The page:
Provinces youth leader yearns for home playing fields

July 18, 1995|By Edward Lee | Edward Lee,Sun Staff Writer

At the change of every season, Bob Rosencrance has to supervise, coordinate and rejigger the schedules of more than 400 energetic children who play youth sports on only five fields in and around Provinces.

Life should get a little easier for Mr. Rosencrance, president of the Jessup-Provinces Youth Organization, when work is completed on Provinces Park off Disney Road. The park would provide more playing fields for football, soccer, lacrosse and baseball.

"We definitely need it," said Mr. Rosencrance, 34, of Harmans. "Every year we get more kids, and new development is being built all over the place. We are pressed for fields. It would be nice to open up more."

County public works officials recently requested bids from local contractors to help clear most of the 45-acre wooded lot and build a community park, said Jay Cuccia, spokesman for the Department of Parks and Recreation.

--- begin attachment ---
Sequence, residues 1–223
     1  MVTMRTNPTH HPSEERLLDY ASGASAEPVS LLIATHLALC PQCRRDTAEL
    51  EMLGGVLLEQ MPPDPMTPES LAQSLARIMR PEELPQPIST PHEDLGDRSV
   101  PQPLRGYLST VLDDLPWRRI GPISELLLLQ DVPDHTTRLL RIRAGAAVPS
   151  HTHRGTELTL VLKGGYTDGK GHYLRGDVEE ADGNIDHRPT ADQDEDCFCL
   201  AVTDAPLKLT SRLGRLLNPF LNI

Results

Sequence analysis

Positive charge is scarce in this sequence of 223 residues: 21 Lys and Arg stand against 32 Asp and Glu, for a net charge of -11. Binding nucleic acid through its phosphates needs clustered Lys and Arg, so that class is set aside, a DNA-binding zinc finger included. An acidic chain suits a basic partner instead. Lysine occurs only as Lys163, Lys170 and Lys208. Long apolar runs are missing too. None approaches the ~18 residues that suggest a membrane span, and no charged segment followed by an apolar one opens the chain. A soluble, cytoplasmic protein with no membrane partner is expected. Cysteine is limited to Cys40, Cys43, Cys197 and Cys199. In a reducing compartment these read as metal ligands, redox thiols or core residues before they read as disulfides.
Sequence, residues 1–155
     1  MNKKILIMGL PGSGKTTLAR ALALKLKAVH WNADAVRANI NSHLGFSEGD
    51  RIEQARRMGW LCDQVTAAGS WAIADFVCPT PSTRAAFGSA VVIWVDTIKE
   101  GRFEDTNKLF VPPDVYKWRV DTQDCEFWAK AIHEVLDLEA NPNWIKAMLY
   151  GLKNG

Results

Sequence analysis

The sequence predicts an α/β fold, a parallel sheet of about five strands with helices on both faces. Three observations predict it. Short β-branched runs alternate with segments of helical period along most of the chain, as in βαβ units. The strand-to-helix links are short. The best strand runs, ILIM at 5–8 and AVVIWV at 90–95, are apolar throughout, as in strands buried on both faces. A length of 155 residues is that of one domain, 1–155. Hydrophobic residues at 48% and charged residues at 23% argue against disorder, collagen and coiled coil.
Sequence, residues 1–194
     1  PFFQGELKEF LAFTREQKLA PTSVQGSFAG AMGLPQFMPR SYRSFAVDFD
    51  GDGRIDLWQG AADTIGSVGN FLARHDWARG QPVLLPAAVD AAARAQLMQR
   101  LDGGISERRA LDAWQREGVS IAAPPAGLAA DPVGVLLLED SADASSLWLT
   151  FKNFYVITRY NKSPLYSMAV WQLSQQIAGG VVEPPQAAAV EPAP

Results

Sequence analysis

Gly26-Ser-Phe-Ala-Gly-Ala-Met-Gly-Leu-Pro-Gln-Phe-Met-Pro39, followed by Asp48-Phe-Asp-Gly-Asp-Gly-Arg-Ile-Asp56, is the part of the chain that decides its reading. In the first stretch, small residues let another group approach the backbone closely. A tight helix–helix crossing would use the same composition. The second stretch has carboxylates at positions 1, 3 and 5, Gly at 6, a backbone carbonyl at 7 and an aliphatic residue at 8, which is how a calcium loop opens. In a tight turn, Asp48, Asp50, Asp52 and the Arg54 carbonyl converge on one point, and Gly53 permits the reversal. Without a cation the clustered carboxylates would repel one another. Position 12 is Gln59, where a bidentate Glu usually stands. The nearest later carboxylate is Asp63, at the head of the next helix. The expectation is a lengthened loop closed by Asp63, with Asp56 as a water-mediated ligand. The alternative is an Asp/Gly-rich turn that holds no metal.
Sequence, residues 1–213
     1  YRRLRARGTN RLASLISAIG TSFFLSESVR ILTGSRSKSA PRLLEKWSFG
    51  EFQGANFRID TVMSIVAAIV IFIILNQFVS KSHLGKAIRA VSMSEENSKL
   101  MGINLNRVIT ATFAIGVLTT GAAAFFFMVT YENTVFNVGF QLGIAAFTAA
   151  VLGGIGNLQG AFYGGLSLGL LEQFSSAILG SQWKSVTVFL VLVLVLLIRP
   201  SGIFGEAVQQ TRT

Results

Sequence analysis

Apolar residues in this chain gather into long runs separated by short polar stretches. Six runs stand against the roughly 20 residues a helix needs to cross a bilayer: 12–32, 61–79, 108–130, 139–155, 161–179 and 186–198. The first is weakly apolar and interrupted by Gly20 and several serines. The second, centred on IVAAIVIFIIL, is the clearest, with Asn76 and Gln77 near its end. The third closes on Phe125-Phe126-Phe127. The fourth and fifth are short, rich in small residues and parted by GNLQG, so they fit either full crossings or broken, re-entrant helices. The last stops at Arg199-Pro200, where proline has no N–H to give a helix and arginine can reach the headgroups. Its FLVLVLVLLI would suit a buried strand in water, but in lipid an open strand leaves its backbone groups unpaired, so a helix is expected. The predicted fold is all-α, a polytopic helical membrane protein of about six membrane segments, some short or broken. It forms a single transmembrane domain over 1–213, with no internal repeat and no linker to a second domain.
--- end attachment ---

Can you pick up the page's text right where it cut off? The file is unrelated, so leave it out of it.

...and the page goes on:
The department will accept bids next month, but Mr. Cuccia said no timetable is set to begin construction.

Mr. Cuccia said the park is to include three multipurpose fields for football, soccer and lacrosse; three tennis courts; two baseball diamonds; a basketball court; a playground; and a walking trail encircling the park.

Until work on the park is completed, Mr. Rosencrance's organization must juggle the schedules of several soccer teams on a field off Montevideo Road in Jessup and another at the Jessup Elementary School.

About 250 players battle for time on two baseball diamonds at the Montevideo fields, and 180 young sters play an entire lacrosse season on one field at MacArthur Middle School in Fort Meade.

The county bought the land for the planned park in 1988 from the National Wildlife Federation Foundation for $579,300, Mr. Cuccia said.

The entire project is estimated to cost $3 million.

Although most of the land will be cleared of trees, Mr. Cuccia said the walking trail would wind through vegetation to "add naturalness" to the area.

Mr. Cuccia said the county decided to convert the land into a park because of a population spurt in Provinces and surrounding areas.

Census records show that about 3,500 people live in 1,300 homes in Provinces.

"There is a real need for additional recreational space in the western county," he said. "We're trying to increase our services there. It'll be another opportunity for recreational services for people to take their children there."

For Mr. Rosencrance, the park would provide playing fields close enough to home so "that the kids can walk to it."

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